Thanks again and take care!

                  • Re: Deploying a Postgres client app: where is libpq.tbd?
                    eskimo Apple Staff Apple Staff (7,505 points)

                    I can see /usr/lib/libpq.5.6.dylib on any base macOS install …

                    Right.  But the test for whether an API is considered public is threefold:

                    • Does it have headers in the platform SDK? (A)

                    • Does it have a stub library (that .tbd file) in the platform SDK? (B)

                    • Does it have an implementation library on the platform? (C)

                    libpq passes B and C but does not pass A.

                    Well, what if I link against something in my /usr/local homebrew install of postgres, could I still, as an App Store Mac app, use /usr/lib/libpq.5.6.dylib?

                    No.  The correct solution is to:

                    1. build the library from source, either as a dynamic or static library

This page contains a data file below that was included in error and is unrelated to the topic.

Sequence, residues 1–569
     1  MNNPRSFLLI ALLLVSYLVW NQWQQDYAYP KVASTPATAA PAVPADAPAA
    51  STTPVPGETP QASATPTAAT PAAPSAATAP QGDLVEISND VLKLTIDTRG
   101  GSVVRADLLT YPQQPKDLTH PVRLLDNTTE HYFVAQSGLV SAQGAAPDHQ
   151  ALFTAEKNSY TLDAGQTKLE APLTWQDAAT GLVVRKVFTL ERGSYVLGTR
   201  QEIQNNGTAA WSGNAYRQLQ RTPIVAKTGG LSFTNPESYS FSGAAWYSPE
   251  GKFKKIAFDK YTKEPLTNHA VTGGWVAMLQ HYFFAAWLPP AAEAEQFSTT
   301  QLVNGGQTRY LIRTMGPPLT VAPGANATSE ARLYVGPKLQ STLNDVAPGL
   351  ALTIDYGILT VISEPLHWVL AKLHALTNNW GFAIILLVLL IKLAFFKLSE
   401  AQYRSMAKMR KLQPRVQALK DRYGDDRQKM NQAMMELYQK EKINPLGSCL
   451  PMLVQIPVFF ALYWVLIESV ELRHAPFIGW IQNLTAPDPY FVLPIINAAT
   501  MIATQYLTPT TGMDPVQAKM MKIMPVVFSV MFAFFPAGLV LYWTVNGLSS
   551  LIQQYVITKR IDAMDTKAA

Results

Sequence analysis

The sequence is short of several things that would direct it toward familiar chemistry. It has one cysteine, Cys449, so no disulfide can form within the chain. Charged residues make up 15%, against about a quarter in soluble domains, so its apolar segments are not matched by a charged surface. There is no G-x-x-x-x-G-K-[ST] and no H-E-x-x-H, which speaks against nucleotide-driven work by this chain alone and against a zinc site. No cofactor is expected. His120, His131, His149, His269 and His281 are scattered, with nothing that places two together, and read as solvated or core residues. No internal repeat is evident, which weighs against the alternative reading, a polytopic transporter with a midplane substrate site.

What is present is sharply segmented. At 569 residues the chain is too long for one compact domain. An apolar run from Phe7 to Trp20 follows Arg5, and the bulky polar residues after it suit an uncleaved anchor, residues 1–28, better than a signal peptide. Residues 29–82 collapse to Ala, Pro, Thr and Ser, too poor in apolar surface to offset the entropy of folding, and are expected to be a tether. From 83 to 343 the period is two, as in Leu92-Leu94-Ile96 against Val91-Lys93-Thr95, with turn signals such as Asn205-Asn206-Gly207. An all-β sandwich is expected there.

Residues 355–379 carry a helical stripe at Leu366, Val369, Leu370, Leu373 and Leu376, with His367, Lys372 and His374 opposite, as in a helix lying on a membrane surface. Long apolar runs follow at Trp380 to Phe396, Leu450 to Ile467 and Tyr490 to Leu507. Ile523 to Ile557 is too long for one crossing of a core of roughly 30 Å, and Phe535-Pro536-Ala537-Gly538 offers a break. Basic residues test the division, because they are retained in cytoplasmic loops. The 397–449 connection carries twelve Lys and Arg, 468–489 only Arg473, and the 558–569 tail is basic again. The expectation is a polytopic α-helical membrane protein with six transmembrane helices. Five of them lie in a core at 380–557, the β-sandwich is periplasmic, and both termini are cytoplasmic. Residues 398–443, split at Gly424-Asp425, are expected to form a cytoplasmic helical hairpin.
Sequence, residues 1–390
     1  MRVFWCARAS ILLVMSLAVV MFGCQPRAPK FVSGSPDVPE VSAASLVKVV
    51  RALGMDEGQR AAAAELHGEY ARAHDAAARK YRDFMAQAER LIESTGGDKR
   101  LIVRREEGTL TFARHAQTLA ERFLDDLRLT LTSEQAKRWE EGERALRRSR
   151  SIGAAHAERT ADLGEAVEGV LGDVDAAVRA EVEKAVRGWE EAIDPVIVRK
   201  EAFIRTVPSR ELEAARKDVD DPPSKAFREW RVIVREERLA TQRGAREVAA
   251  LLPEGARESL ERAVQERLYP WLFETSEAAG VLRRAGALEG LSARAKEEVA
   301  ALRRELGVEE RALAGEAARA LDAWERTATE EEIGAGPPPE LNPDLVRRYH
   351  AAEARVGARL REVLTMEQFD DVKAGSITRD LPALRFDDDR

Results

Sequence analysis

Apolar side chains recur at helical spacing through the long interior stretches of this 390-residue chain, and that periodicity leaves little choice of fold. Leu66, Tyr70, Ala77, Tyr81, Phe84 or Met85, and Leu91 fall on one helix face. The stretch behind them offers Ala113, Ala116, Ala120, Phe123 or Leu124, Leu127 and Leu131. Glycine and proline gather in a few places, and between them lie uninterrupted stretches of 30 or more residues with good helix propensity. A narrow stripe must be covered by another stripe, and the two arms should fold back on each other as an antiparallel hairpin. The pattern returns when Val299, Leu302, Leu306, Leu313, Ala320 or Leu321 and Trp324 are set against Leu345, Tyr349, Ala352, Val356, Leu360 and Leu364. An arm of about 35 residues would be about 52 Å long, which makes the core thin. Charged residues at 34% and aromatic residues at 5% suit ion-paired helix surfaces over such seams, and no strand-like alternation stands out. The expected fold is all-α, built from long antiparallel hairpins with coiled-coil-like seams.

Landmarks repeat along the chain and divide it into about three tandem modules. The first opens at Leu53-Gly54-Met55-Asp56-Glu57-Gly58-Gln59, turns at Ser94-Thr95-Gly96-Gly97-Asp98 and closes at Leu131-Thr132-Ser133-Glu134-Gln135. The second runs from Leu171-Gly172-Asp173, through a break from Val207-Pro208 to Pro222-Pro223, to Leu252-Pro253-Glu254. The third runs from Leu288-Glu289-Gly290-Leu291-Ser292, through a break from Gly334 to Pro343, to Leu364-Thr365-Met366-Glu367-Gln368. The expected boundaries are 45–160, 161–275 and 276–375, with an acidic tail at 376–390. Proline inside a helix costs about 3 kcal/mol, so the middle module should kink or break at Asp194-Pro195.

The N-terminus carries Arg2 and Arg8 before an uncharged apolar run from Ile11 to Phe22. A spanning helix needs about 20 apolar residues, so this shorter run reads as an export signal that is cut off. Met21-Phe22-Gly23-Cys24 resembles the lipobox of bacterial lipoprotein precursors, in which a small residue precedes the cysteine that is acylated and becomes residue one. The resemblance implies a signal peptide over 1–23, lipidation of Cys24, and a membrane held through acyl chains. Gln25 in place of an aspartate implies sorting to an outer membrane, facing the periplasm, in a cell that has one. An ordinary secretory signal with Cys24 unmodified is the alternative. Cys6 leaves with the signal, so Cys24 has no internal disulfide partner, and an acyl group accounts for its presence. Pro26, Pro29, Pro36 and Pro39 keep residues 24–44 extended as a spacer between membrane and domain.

2. compile your app using the resulting headers

                    3. link your app with the resulting library

                    4. if you decided to use a dynamic library, bundle that dynamic library within your app (in Foo.app/Contents/Frameworks/)


                    By way of explanation, Apple uses many open source libraries on our platforms, and those libraries naturally get placed in /usr/lib.  Whether we support those libraries as public API depends on a bunch of factors, but a really critical one is binary compatibility.  If we give an open source library the public API ‘blessing’, that library has to be binary compatible from release to release.  Without that, we end up in the unenviable place of having to either: